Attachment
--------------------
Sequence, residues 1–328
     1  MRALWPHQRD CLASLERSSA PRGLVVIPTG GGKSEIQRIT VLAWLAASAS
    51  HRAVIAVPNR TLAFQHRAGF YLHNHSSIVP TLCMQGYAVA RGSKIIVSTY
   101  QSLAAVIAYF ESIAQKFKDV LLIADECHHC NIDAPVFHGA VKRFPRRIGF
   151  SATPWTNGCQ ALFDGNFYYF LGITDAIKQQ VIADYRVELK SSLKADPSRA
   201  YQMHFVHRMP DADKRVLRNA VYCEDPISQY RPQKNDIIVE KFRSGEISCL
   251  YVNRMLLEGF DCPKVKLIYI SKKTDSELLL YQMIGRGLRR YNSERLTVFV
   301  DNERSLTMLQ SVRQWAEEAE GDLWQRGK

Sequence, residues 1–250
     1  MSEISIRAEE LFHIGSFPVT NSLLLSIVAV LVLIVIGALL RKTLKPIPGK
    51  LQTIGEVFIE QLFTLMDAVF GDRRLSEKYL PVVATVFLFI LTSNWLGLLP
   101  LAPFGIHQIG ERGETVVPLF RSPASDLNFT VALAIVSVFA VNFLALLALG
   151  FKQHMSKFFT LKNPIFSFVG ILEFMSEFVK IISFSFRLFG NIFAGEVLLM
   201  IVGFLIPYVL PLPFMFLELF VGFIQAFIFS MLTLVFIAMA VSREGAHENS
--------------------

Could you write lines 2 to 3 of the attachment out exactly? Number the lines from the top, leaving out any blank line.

     1  MRALWPHQRD CLASLERSSA PRGLVVIPTG GGKSEIQRIT VLAWLAASAS
    51  HRAVIAVPNR TLAFQHRAGF YLHNHSSIVP TLCMQGYAVA RGSKIIVSTY